The first Winter Olympic Games were given that title only afterwards. In 1921, the IOC decided to give winter sports equal standing, and in conjunction with the 1924 Summer Games in Paris, France held what was originally called Semaine Internationale des Sports d’Hiver (International Winter Sports Week) in Chamonix.

In those 1924 games, the Canadian hockey team finished the four qualifying games with a combined score of 110 – 3 against Switzerland, Czechoslovakia, Sweden, and Great Britain.

Military patrol was a part of the first winter olympics in 1924. It became an official sport in the 1960 games as the biathlon.

In 1925, the IOC decided to have a Winter Olympic Games every four years, and retroactively recognize the Semaine Internationale des Sports d’Hiver as the first Winter Games.

In the 1928 Winter Games, held in St. Moritz, Switzerland, Skijoring was a demonstration sport. It involves a skier being pulled by a horse.

The last time the United States led the medal standings, before Vancouver in 2010, was in Lake Placid Winter Games in 1932.

Sled dog racing was a demontration sport.

The 1936 Winter Games were held in Garmisch-Partenkirchen, Germany. This was the last winter games held in the same country as the summer games of the same year.

Sonja Henie won her third consecutive gold medal in woman’s figure skating. She also won in 1924, though it was a demonstration sport that year. She was eleven years old in 1924.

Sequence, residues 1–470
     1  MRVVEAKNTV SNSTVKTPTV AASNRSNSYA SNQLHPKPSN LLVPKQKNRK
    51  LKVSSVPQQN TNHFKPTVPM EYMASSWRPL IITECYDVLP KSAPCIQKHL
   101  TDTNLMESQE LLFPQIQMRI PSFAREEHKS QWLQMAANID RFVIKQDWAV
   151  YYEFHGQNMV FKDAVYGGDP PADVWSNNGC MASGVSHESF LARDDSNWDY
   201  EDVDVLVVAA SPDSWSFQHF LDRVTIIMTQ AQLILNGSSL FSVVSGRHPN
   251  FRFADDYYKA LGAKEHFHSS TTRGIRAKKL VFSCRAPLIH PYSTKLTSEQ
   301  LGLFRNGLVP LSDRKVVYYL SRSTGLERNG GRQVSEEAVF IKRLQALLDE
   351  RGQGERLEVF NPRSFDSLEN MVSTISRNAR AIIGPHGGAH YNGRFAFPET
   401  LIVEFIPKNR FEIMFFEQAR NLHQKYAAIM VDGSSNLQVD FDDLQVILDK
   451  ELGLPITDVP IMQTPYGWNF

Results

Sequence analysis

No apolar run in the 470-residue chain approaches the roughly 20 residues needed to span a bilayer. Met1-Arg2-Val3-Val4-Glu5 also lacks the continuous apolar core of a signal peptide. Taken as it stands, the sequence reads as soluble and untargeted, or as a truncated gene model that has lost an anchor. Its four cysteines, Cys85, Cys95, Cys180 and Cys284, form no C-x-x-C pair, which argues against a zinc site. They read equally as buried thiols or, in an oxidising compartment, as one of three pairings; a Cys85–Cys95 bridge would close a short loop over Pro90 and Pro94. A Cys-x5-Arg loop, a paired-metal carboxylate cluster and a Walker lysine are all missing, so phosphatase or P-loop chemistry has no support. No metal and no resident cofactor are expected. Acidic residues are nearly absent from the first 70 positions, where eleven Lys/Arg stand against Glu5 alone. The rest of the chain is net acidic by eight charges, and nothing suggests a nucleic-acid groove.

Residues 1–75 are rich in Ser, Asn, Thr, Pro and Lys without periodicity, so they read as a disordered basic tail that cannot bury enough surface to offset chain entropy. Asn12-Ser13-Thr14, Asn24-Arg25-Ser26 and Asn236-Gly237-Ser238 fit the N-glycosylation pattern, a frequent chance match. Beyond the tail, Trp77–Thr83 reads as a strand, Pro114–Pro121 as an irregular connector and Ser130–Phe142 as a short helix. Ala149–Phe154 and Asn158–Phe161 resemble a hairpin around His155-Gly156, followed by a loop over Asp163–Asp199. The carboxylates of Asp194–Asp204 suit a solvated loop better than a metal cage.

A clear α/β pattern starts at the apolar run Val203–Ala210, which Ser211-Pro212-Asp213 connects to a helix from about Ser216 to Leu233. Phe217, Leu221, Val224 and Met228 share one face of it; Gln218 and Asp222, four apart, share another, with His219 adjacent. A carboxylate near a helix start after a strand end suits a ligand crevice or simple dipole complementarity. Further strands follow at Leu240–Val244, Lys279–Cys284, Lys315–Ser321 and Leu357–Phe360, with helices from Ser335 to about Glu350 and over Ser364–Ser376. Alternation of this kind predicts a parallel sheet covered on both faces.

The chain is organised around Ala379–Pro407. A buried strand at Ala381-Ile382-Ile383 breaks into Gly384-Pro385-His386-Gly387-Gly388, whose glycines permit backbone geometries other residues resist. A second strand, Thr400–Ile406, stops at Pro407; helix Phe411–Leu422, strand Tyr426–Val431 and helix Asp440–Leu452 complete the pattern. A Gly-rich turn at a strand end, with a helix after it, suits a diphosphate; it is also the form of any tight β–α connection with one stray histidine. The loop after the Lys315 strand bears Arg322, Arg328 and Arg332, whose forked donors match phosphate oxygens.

The 1940 and 1944 Winter Games were cancelled because of World War II.

Although St. Moritz, Switzerland hosted the winter games in 1928, it was selected to host the 1948 games, partly because Switzerland was neutral during the war.

Winter pentathlon was a demonstration sport in the 1948 winter games. It included cross-country skiing, shooting, downhill-skiing, fencing, and horse riding. This pentathlon didn’t appear in any subsequent winter games.

The ice hockey event of the 1948 games was almost cancelled after two teams arrived, both claiming to represent the United States.

In the 1952 winter games, held in Oslo, Norway, Antoin Miliordos competed in the slalom. He didn’t win, falling 18 times, and crossing the finish line backwards.

Bandy was one of the two demonstration sports. It looks a lot like field-hockey on skates, played on an ice rink the size of a soccer field. The other demonstration sport was pulka, in which a cross-country skier pulls a toboggan.

The 1956 winter games were held in Cortina d’Ampezzo, Italy. This was the first games broadcast on television, and the first to rely heavily on corporate sponsorship.

The Cortina games were the last to have the figure skating event outdoors.

The 1956 winter games were the first winter games in which the Soviet Union participated. They won more medals than any other country during those Winter Games.

The 1960 winter games, held in Squaw Valley, California, was the first Winter Games held in North America in 28 years.

Squaw Valley built the first Olympic Village to house the athletes.

For the first time, officials asked the media if they could review a videotape of the men’s slalom because they were unsure if a skier had missed a gate.

The 1964 games, held in Innsbruck, Austria, was the first to feature the luge.

Drug and gender testing were first ordered during the 1968 games, held in Grenoble, France.

The bobsleigh runs were all scheduled just before or after dawn because the track didn’t have enough refrigeration to keep the ice solid during the day.

The 1964 games were the first broadcast in colour.

The 1972 games in Sapporo, Japan was the first winter games held outside Europe and North America.